Jon Jones' last two defenses of his light heavyweight title were against two athletes who were middleweights that had bulked up to the 205 lb. division for the chance at a title. Ben Fowlkes of USA Today Sports argues that although the matchups can prove entertaining, Jones needs to face actual legitimate contenders at light heavyweight to build his legacy:
That's fine for the organization's bottom line, but it doesn't do much for Jones' legacy. He entered Saturday's bout as a 10-1 favorite, according to oddsmakers. Sonnen vowed to plant him on his back and "beat a hole in his face," but instead it was Jones who did the planting and the beating. The only thing Sonnen could do was lie there and bleed.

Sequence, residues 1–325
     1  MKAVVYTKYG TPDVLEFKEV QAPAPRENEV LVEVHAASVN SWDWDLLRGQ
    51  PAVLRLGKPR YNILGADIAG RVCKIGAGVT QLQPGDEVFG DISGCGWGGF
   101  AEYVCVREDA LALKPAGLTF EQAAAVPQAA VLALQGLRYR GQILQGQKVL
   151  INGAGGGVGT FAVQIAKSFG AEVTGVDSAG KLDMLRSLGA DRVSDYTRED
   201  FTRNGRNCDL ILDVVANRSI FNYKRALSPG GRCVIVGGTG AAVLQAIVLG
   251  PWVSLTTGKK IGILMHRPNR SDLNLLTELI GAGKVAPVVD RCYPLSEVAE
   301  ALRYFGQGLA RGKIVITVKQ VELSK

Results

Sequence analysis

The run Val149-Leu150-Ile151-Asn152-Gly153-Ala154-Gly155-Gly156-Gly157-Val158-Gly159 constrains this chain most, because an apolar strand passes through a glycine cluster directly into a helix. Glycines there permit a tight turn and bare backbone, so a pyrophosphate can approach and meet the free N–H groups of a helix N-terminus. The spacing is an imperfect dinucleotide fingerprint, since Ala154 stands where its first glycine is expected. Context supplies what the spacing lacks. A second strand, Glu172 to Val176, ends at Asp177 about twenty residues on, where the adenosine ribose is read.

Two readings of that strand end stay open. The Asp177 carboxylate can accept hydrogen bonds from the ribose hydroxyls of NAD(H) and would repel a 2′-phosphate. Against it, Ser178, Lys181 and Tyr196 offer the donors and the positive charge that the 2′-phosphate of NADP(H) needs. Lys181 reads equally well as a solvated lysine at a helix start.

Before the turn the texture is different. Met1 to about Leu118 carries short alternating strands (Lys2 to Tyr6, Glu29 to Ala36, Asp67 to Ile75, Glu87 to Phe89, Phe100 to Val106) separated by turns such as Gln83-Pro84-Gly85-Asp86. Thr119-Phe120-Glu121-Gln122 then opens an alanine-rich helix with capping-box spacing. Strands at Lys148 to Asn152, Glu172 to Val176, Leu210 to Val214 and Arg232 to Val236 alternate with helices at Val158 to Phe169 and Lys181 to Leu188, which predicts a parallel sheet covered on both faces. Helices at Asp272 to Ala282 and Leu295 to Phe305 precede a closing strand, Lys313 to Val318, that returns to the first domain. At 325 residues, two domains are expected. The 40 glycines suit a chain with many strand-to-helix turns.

This shouldn't have come as a surprise to anyone who has seen either man in action. Sonnen might be a workhorse of a middleweight, but Jones is a spectacular light heavyweight. He might be the best we've ever seen, though it's hard to tell when the UFC puts him in barely competitive matchups for the sake of PPV sales. Now, according to White, Jones' toe injury will likely delay a potential showdown with legitimate light heavyweight contender Alexander Gustafsson (15-1, 7-1), who Jones has said he'd like to face next.
That's the problem with wasting Jones' talent on fighters such as Sonnen. Even if his opponents can't hurt him, that's no guarantee he'll emerge unscathed and ready for a challenge that might actually tell us how great he can be.
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